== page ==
When I receive a new assignment,  I first complete the research or interviews I need to put together the piece, then begin the organization of the material.  I find that this step is usually 50% of the total job, with the other 50% being the actual creation of the content in the correct tone or brand voice to achieve the client’s results. In some cases the percentages change but knowing how to organize your writing is a big part of the battle won.

If you’re one of those people who have trouble getting started with your writing, I offer this simple formula to help you organize virtually any piece of business writing and can even be applied to other marketing communications pieces such as advertisements and web content.  I’ve found that in most cases, the formula is present in one form or another in what I am reading.

Ready? Here’s my formula for most pieces of business writing:

1. INTRODUCTION—Greet or acknowledge the reader appropriately.

2. STATEMENT OF OBJECTIVE—tell the recipient the reason for the communication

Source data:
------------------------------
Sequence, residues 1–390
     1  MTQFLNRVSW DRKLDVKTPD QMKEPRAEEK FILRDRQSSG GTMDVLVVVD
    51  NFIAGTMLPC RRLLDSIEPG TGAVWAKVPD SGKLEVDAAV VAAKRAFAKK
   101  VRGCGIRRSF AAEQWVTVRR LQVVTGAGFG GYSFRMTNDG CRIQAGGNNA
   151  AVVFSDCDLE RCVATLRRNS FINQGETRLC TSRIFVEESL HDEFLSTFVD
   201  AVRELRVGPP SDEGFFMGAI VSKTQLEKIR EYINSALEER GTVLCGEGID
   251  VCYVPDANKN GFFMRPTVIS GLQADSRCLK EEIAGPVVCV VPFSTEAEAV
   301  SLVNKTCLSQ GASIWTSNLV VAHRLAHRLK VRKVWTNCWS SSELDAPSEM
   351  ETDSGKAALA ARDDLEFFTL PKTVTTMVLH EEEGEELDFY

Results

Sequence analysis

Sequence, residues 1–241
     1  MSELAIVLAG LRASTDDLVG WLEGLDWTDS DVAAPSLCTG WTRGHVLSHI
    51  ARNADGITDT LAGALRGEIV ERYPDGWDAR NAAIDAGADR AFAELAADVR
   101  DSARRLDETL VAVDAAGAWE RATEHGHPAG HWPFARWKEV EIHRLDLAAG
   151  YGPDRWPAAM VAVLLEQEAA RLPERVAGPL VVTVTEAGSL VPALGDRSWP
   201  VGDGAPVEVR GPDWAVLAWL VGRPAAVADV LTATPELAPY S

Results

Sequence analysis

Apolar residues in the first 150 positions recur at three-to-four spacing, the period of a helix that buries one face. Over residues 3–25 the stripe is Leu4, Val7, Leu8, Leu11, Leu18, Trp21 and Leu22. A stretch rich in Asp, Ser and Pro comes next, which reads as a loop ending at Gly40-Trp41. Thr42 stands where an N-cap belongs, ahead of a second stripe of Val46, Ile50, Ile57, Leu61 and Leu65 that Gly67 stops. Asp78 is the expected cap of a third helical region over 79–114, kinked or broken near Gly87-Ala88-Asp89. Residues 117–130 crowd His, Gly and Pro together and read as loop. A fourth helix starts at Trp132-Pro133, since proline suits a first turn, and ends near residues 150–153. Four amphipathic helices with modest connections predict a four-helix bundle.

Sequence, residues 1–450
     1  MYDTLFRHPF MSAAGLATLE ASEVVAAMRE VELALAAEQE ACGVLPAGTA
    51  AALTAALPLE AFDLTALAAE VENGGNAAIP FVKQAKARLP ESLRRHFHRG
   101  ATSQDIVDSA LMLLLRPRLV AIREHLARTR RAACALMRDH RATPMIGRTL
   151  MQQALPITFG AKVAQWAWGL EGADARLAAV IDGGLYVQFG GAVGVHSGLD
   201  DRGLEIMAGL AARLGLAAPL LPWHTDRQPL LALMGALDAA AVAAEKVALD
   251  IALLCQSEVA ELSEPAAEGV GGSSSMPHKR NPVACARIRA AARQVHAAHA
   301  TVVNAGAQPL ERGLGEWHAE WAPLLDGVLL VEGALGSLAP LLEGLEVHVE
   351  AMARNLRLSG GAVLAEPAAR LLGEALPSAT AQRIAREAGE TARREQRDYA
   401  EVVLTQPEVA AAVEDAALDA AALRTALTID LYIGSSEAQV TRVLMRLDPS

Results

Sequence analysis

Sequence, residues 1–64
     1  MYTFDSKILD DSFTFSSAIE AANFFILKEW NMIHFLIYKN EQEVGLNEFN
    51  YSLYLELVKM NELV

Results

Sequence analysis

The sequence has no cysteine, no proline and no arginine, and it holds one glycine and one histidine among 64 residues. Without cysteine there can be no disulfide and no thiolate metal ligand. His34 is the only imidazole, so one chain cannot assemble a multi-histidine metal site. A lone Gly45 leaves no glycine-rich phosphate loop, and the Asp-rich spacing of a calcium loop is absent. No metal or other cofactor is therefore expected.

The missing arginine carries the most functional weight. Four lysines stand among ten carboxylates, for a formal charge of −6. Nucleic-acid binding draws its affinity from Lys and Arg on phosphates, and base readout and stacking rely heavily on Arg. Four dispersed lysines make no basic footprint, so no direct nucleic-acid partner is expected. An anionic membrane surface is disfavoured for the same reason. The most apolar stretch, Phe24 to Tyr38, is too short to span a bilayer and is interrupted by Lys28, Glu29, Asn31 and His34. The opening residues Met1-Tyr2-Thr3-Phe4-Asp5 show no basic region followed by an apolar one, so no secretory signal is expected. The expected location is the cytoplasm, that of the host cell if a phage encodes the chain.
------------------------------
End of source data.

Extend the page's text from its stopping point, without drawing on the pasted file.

3. EXPLANATION-add details that will enhance the information you are trying to give.

4. CLOSING-include a call to action or next step in the discussed activity.

It’s very simple isn’t it? Let’s examine some examples.


This follow-up email, composed after meeting a prospective client at a networking meeting.

Dear Nick,

I enjoyed meeting you at the networking meeting Tuesday.

 At the meeting you had requested information about my company and it is enclosed.    We are the biggest manufacturer of widgets in the tri-county area and are known for our competitive pricing and exemplary customer service.

 I will call you next week to discuss your needs for our services.  Again, it was a pleasure meeting you!

In a letter or mail, the INTRODUCTION is of course, the “Dear” opening and perhaps a personal statement.  Did you catch the STATEMENT OR OBJECTIVE?  It was the next sentence, mentioning that Nick had asked for some information about the company.  The EXPLANATION follows, which is the description of the company and what they are known for. Depending on your audience and your objective, it is possible to sell as you supply the explanation, which is what I did here. The CLOSING call to action refers to the next step, which is to hopefully place an order.


Sometimes it’s not so easy to “see the formula.”  Writing an advertisement involves a creative process much more complex than that of writing a simple email, yet when it’s carefully dissected, there are shades of “the formula” buried within.  Consider the example included here.


INTRODUCTION  or “greeting” to the audience is cleverly disguised as a headline to get our attention.